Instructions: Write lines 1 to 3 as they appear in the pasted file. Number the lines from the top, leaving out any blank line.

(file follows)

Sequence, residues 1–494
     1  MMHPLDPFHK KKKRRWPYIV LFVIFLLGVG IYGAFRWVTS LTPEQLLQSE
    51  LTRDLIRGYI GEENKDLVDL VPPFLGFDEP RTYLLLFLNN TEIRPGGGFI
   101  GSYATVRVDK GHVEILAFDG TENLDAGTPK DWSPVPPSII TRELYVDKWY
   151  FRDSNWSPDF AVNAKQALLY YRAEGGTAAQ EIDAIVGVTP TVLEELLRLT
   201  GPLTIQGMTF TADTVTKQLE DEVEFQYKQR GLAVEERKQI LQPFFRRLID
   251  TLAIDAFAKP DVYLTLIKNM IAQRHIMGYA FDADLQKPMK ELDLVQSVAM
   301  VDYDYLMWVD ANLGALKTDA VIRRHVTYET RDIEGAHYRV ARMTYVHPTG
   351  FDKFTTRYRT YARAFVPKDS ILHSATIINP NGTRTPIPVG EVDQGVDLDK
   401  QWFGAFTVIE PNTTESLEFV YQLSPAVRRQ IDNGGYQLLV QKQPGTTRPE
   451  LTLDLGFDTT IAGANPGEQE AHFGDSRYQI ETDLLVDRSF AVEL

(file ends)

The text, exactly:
Sequence, residues 1–494
     1  MMHPLDPFHK KKKRRWPYIV LFVIFLLGVG IYGAFRWVTS LTPEQLLQSE
    51  LTRDLIRGYI GEENKDLVDL VPPFLGFDEP RTYLLLFLNN TEIRPGGGFI